# [Haskell-cafe] How to define a Monad instance

Ryan Ingram ryani.spam at gmail.com
Tue Jul 31 07:38:10 CEST 2012

```To take this a step further, if what you really want is the syntax sugar
for do-notation (and I understand that, I love sweet, sweet syntactical
sugar), you are probably implementing a Writer monad over some monoid.

Here's two data structures that can encode this type;

data Replacer1 k a = Replacer1 (k -> Maybe k) a
data Replacer2 k a = Replacer2 [(k,k)] a

instance Monad Replacer1 where
return x = Replacer1 (\_ -> Nothing) x
Replacer1 ka a >>= f = result where
Replacer1 kb b = f a
result = Replacer1 (\x -> ka x `mplus` kb x) b

(!>) :: Eq k => k -> k -> Replacer1 k ()
x !> y = Replacer1 (\k -> if k == x then Just y else Nothing) ()

replace1 :: Replacer1 k () -> [k] -> [k]    -- look ma, no Eq requirement!
replace1 (Replacer k ()) = map (\x -> fromMaybe x \$ k x) -- from Data.Maybe

table1 :: Replacer1 Char ()
table1 = do
'a' !> 'b'
'A' !> 'B'

test = replace1 table1 "All I want"

-- Exercise: what changes if we switch ka and kb in the result of (>>=)?
When does it matter?

-- Exercises for you to implement:
instance Monad Replacer2 k where
replacer :: Eq k => Replacer2 k -> [k] -> [k]
(\$>) :: k -> k -> Replacer2 k

-- Exercise: Lets make use of the fact that we're a monad!
--
-- What if the operator !> had a different type?
-- (!>) :: Eq k => k -> k -> Replacer k Integer
-- which returns the count of replacements done.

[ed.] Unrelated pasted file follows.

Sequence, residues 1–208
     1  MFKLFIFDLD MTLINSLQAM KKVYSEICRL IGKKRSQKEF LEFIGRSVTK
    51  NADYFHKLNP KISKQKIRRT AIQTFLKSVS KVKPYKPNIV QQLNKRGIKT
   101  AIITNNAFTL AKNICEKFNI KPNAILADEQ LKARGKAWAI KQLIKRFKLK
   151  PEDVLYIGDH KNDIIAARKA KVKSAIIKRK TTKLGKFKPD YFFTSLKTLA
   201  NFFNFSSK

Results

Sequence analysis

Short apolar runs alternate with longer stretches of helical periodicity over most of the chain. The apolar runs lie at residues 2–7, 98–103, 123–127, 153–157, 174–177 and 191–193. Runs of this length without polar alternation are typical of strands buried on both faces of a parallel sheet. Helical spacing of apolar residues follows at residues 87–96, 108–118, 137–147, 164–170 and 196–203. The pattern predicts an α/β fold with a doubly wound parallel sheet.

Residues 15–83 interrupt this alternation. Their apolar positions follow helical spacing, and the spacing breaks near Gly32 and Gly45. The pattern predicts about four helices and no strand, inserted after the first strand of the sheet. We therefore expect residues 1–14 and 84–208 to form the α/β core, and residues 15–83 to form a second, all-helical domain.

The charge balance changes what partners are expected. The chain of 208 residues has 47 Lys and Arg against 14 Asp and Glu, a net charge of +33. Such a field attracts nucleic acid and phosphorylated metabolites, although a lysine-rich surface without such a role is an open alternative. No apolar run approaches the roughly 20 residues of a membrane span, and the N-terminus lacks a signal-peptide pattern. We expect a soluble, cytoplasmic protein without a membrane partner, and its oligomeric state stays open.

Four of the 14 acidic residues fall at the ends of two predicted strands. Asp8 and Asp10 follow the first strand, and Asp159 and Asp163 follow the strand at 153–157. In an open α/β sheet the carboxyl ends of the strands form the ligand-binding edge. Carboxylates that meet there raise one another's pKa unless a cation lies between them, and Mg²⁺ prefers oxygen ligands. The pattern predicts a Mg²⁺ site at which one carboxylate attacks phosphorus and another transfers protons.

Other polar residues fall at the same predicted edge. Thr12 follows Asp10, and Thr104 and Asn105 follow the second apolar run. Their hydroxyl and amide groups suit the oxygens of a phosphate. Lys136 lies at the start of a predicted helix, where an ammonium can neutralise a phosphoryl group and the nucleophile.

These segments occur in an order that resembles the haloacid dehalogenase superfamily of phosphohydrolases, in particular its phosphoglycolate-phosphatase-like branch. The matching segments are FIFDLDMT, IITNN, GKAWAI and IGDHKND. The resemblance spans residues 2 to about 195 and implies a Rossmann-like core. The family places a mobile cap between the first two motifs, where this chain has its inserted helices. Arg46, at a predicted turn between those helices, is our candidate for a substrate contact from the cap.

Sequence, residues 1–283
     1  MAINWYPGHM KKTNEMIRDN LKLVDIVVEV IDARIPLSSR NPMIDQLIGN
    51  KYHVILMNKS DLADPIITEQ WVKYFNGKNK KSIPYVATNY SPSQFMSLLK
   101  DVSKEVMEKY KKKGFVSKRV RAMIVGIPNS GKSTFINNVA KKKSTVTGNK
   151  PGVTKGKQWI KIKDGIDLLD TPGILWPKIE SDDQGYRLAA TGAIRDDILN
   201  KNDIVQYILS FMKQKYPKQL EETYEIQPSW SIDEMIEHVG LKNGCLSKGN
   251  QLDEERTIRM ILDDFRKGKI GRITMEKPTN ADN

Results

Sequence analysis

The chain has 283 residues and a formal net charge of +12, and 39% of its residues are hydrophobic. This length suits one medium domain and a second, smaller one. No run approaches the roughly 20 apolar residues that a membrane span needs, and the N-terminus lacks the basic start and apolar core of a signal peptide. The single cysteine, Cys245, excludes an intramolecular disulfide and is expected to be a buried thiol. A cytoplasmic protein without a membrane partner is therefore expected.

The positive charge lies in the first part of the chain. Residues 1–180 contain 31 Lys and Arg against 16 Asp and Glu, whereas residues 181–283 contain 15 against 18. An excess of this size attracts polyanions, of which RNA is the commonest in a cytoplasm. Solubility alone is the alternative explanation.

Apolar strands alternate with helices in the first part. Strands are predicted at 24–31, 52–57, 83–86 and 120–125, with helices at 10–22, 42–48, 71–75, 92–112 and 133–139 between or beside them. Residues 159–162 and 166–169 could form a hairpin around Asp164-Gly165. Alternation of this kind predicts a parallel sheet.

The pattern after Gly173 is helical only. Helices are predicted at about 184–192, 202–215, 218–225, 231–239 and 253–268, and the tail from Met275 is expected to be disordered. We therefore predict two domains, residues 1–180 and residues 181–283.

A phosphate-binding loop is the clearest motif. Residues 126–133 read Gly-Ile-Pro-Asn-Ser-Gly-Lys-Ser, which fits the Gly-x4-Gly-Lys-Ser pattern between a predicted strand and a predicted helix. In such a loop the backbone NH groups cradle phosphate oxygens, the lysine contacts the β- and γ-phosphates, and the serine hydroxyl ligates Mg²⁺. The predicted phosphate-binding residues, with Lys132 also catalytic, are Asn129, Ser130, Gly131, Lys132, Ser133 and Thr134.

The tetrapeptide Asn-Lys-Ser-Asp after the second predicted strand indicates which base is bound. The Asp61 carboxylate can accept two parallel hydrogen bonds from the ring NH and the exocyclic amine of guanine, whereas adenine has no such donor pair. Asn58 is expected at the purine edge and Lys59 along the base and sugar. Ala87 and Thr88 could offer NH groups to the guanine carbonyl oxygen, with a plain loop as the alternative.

--
-- table3 = do
--     count <- 'a' !> 'b'
--     when (count > 3) ('A' !> 'B')
--     return ()
--
-- Do any of the data structures I've given work?  Why or why not?
-- Can you come up with a way to implement this?

-- ryan

On Sat, Jul 28, 2012 at 10:07 AM, Steffen Schuldenzucker <
sschuldenzucker at uni-bonn.de> wrote:

> On 07/28/2012 03:35 PM, Thiago Negri wrote:
> > [...]
>
>  As Monads are used for sequencing, first thing I did was to define the
>> following data type:
>>
>> data TableDefinition a = Match a a (TableDefinition a) | Restart
>>
>
> So TableDefinition a is like [(a, a)].
>
>  [...]
>>
> >
>
>> So, to create a replacement table:
>>
>> table' :: TableDefinition Char
>> table' =
>>          Match 'a' 'b'
>>          (Match 'A' 'B'
>>           Restart)
>>
>> It look like a Monad (for me), as I can sequence any number of
>> replacement values:
>>
>> table'' :: TableDefinition Char
>> table'' = Match 'a' 'c'
>>           (Match 'c' 'a'
>>           (Match 'b' 'e'
>>           (Match 'e' 'b'
>>            Restart)))
>>
>
> Yes, but monads aren't just about sequencing. I like to see a monad as a
> generalized computation (e.g. nondeterministic, involving IO, involving
> state etc). Therefore, you should ask yourself if TableDefinition can be
> seen as some kind of abstract "computation". In particular, can you
> "execute" a computation and "extract" its result? as in
>
>   do
>     r <- Match 'a' 'c' Restart
>     if r == 'y' then Restart else Match 2 3 (Match 3 4 Restart)
>
> Doesn't immediately make sense to me. In particular think about the
> different possible result types of a TableDefinition computation.
>
> If all you want is sequencing, you might be looking for a Monoid instance
> instead, corresponding to the Monoid instance of [b], where b=(a,a) here.
>
>   [...]
>>
> >
>
>> I'd like to define the same data structure as:
>>
>> newTable :: TableDefinition Char
>> newTable = do
>>          'a' :>  'b'
>>          'A' :>  'B'
>>
>> But I can't figure a way to define a Monad instance for that. :(
>>
>
> The desugaring of the example looks like this:
>
>   ('a' :> 'b') >> ('A' :> 'B')
>
> Only (>>) is used, but not (>>=) (i.e. results are always discarded). If
> this is the only case that makes sense, you're probably looking for a
> Monoid instead (see above)
>
> -- Steffen
>
>
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